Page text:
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Telephone Cases (126 U.S. 1, 1888 Mar 19)

Decision Parameters

Decisions That Cite It

    O'Reilly v. Morse [56 U.S. 15, 1853]

    Decisions It Cites

      Cochrane v. Deener [94 U.S. 780, 1877]
      Tilghman v. Proctor [102 U.S. 707, 1880]
      Gottschalk v. Benson [409 U.S. 63, 1972]

    Rules & Quotes

    {1} In this art — or, what is the same thing under the patent law, this process, this way of transmitting speech — electricity, one of the forces of nature, is employed; but electricity, left to itself, will not do what is wanted. The art consists in so controlling the force as to make it accomplish the purpose.

    {2} In doing this, both discovery and invention, in the popular sense of those terms, were involved; discovery in finding the art, and invention in devising the means of making it useful. For such discoveries and such inventions the law has given the discoverer and inventor the right to a patent — as discoverer, for the useful art, process, method of doing a thing he has found; and as inventor, for the means he has devised to make his discovery one of actual value. Other inventors may compete with him for the ways of giving effect to the discovery, but the new art he has found will belong to him and those claiming under him during the life of his patent. If another discovers a different art or method of doing the same thing, reduces it to practical use, and gets a patent for his discovery, the new discovery will be the property of the new discoverer, and thereafter the two will be permitted to operate each in his own way without interference by the other. The only question between them will be whether the second discovery is in fact different from the first.

    {3} Thus, an art — a process — which is useful, is as much the subject of a patent, as a machine, manufacture, or composition of matter. Of this there can be no doubt, and it is abundantly supported by authority. Corning v. Burden, 15 How. 252, 267; Cochrane v. Deener, 94 U.S. 780, 787, 788; Tilghman v. Proctor, 102 U.S. 707, 722, 724, 725; Fermentation Co. v. Maus, 122 U.S. 413, 427, 428.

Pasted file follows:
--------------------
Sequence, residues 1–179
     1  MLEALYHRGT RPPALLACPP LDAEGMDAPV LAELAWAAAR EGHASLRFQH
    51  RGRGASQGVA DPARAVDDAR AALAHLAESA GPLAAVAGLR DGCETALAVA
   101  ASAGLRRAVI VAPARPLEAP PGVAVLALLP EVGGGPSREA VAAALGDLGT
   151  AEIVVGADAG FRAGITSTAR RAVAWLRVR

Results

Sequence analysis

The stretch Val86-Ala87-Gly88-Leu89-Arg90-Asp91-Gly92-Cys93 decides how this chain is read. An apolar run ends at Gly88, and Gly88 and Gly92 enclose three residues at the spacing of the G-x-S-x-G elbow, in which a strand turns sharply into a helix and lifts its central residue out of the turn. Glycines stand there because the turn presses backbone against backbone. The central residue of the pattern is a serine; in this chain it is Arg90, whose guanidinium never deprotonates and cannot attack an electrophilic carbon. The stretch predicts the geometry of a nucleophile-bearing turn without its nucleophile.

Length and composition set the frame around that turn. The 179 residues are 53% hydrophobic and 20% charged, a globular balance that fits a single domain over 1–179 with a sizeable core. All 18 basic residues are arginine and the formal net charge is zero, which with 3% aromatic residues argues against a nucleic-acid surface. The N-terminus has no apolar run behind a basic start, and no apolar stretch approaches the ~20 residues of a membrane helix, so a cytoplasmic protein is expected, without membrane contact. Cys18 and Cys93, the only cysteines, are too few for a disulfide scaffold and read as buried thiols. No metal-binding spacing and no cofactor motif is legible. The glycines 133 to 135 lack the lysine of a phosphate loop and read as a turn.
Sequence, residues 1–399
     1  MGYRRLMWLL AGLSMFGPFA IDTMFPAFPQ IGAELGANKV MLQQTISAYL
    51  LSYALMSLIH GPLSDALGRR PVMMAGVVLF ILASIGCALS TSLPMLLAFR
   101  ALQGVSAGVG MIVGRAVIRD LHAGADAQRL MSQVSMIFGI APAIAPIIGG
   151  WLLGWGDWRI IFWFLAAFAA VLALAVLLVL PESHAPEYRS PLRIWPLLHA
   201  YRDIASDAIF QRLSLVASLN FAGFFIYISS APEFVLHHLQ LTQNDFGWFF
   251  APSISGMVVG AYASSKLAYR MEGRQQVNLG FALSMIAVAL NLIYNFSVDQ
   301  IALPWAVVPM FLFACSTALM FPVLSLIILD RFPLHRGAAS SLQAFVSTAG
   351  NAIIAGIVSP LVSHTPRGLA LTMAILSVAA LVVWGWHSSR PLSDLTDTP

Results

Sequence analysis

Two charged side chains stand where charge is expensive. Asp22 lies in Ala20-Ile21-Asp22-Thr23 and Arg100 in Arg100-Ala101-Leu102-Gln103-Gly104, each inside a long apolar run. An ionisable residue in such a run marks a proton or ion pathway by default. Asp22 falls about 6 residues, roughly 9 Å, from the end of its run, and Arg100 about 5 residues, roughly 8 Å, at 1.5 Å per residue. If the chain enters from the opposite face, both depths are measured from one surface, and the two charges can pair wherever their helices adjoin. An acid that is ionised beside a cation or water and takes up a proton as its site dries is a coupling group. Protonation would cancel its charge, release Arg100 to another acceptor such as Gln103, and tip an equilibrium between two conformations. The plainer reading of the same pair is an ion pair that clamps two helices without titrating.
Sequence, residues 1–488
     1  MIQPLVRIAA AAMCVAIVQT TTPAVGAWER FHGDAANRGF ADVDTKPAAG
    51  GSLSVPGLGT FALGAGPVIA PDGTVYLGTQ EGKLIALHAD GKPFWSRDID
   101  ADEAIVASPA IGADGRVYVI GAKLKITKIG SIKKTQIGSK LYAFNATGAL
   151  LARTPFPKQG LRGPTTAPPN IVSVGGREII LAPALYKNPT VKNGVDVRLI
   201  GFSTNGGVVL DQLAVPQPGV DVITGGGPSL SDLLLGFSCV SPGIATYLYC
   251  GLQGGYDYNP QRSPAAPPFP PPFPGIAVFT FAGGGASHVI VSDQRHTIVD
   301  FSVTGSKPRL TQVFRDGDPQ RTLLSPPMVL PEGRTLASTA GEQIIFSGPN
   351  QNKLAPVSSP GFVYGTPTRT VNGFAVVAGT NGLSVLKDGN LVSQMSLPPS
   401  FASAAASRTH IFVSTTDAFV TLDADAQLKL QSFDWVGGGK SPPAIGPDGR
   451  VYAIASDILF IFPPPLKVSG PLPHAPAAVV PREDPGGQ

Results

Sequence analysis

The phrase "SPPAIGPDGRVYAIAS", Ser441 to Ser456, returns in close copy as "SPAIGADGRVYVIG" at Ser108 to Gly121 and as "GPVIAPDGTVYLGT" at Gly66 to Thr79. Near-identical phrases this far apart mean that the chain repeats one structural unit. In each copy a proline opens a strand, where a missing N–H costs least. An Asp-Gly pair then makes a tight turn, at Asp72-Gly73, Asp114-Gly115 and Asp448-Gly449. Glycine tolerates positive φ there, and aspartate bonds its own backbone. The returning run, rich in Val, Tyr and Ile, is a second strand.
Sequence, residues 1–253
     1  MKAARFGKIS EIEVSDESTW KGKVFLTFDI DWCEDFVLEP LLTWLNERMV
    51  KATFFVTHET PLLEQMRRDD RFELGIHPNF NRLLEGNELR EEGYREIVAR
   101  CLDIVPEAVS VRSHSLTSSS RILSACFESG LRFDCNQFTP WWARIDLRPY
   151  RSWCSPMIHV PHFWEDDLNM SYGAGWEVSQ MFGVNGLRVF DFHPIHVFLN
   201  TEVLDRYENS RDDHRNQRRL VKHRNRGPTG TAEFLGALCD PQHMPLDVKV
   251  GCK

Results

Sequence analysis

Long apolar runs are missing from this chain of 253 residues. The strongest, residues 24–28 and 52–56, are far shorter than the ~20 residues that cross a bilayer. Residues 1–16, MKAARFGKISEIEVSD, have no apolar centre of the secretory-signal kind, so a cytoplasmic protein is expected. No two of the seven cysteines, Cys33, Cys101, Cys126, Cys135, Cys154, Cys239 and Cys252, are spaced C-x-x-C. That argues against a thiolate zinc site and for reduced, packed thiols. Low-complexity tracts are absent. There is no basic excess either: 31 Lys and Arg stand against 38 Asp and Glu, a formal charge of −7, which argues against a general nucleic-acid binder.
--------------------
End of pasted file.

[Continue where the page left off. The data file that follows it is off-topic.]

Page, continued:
{4} It may be that electricity cannot be used at all for the transmission of speech except in the way Bell has discovered, and that therefore, practically, his patent gives him its exclusive use for that purpose, but that does not make his claim one for the use of electricity distinct from the particular process with which it is connected in his patent. It will, if true, show more clearly the great importance of his discovery, but it will not invalidate his patent.

    {5} The law does not require that a discoverer or inventor, in order to get a patent for a process, must have succeeded in bringing his art to the highest degree of perfection. It is enough if he describes his method with sufficient clearness and precision to enable those skilled in the matter to understand what the process is, and if he points out some practicable way of putting it into operation.

    {6} But it is needless to quote further from the evidence on this branch of the case. It is not contended that Reis had ever succeeded in actually transmitting speech, but only that his instrument was capable of it if he had known how. He did not know how, and all his experiments in that direction were failures. With the help of Bell's later discoveries in 1875 we now know why he failed. ... It was left for Bell to discover that the failure was due not to workmanship but to the principle which was adopted as the basis of what had to be done. ... Such was [Bell's] discovery, and it was new. Reis never thought of it, and he failed to transmit speech telegraphically. Bell did, and he succeeded. Under such circumstances it is impossible to hold that what Reis did was an anticipation of the discovery of Bell. To follow Reis is to fail, but to follow Bell is to succeed. The difference between the two is just the difference between failure and success. If Reis had kept on he might have found out the way to succeed, but he stopped and failed. Bell took up his work and carried it on to a successful result.

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